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Progressive Jack Hanson discusses his decision to quit the Burlington City Council

East District Progressive Burlington Councilor Jack Hanson
Jack Hanson for East District City Council/Facebook
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East District Progressive Burlington Councilor Jack Hanson has resigned his seat

The city of Burlington has posted a new job listing. Officials in Vermont’s largest city are seeking to hire a Net Zero Project and Equity Analyst to help the municipality transition away from fossil fuels and assure that its Net Zero Energy programs are accessible and equitable. East District Progressive Jack Hanson has quit the city council to apply.

At the June 27th City Council meeting, the Burlington Electric Department submitted a formal request to create the job, which councilors unanimously approved.

East District Progressive Jack Hanson announced on his Facebook page on September 13th that he was stepping down to apply for the job at the city owned Burlington Electric Department. He said the city’s effort to become net zero by 2030 while ensuring equity is an exciting opportunity he can’t pass up.

“Ultimately I decided that it was really worth it for me to go for it and to try to get this job. I think it’s a really great opportunity for me to work full time directly on the climate crisis and still being involved in the city of Burlington but serving in a different way. My hope and dream is to get this job and if I don’t get it you know I’ll go from there and I’ll continue to work on climate issues. But in order to apply for it I have resigned from the council.”

Hanson said he considered recusing himself if any issues came up related to the position. He also sought advice from the city attorney as to what he should do if he wanted to apply for the position.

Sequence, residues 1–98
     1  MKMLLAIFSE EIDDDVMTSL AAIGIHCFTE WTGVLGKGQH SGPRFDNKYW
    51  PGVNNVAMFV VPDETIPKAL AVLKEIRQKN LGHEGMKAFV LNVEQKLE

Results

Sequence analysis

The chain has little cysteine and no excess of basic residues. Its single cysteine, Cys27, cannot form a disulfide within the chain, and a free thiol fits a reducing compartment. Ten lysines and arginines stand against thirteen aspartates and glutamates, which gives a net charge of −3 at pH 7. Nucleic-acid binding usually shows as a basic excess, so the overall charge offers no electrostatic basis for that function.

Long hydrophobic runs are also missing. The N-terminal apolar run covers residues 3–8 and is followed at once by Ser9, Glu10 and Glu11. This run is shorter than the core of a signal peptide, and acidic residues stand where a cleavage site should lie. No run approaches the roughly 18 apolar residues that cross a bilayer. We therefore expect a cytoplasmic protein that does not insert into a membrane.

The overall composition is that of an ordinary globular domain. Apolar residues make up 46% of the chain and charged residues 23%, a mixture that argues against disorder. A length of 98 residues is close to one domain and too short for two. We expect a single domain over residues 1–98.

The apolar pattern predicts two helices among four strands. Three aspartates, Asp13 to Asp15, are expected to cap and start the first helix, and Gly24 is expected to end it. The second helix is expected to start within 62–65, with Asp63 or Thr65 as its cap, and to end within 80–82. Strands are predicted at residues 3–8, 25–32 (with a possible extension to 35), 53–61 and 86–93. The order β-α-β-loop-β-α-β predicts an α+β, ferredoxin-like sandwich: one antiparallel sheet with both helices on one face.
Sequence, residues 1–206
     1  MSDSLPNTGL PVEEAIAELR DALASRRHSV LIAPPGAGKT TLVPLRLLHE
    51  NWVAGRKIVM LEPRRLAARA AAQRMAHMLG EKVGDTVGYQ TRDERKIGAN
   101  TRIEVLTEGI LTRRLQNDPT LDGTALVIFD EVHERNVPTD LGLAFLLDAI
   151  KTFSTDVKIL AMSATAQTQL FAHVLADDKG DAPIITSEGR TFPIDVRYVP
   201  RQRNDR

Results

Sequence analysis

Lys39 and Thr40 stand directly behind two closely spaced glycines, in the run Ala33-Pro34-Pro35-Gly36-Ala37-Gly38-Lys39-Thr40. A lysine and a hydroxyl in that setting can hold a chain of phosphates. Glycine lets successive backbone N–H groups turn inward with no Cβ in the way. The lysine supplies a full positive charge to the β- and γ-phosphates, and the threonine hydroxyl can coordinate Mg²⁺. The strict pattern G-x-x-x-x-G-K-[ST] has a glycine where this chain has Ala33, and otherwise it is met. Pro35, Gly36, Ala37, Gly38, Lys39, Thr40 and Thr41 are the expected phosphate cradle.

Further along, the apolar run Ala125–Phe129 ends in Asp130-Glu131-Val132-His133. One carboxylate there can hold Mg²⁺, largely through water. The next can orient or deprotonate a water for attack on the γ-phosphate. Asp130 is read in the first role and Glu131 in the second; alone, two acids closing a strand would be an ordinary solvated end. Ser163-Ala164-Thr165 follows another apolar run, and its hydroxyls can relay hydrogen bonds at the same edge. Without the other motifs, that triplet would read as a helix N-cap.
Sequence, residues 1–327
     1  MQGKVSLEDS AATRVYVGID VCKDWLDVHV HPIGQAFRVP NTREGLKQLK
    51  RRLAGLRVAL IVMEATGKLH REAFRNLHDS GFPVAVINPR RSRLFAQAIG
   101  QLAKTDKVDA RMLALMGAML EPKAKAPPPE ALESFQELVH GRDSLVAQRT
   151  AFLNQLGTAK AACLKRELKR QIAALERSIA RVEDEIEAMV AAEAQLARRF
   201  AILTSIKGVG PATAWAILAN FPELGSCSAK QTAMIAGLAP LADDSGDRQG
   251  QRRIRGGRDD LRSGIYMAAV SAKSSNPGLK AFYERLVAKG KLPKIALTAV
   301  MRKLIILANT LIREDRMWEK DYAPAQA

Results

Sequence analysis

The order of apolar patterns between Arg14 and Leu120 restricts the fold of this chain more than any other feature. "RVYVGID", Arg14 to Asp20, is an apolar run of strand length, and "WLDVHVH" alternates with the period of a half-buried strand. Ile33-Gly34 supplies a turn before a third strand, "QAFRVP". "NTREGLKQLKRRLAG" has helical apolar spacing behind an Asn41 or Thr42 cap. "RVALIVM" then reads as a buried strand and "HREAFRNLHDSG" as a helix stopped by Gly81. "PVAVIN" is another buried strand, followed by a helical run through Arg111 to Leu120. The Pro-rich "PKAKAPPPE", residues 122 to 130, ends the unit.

“City councilors are technically allowed to apply for city positions without resigning. However climate is really my top priority and not really being able to work on climate issues and having to recuse from anything related to Burlington Electric Department would really, really inhibit my work on the council. And also I think is somewhat problematic to have a councilor applying for a role where there’s just so much power that a councilor has over a department. So I felt like the cleanest thing to avoid even the appearance of a conflict of interest was to resign.”

Some in the community believe the position was tailor-made for Hanson. In the conservative Vermont Daily Chronicle, Guy Page writes Democratic “Burlington Mayor Miro Weinberger promises the city councilor who helped create a climate-related city job doesn’t have the inside track now that he’s announced he wants the job himself.” In a Burlington Reddit community one person commented “Wouldn’t it be grand if we were all in positions where we can create a job we’d really like, and then sit in the catbird seat to apply?”

Hanson, who chaired the council’s Transportation, Energy and Utilities Committee, is adamant the city council had no role in creating the position.

“The Burlington Electric Department came to the City Council with a fully fleshed out position including salary. It’s not like we crafted the position in any way. I didn’t have any hand in shaping what this position was. And when it came to council it was totally noncontroversial. It passed unanimously without any debate. So I don’t think there’s really any argument that somehow, you know, we crafted up this position for me. That to me is outlandish.”

Hanson, who served on the council since 2019, says he’s proud of a number of things he has worked on during his tenure.

“The city’s Net Zero by 2030 Roadmap and getting that in place, declaring a climate emergency, ensuring that landlords weatherize rental units, ranked choice voting, getting new bicycle and pedestrian infrastructure in the city, improving requirements for new construction and ensuring that they’re heated renewably primarily. So I’m really proud of the work I’ve done. I think I’ve followed through on a lot of the things that I ran on, which feels good. And I want to continue to work on a lot of these issues. Regardless of whether or not I get this position I want to play a role in moving the city forward.”

Hanson’s term expires on March 31st.

On Wednesday, Mayor Weinberger called a special election to fill the East District seat for Tuesday, December 6th. The filing deadline for candidates is Tuesday, October 11th. Early voting will begin on Monday, October 24th.

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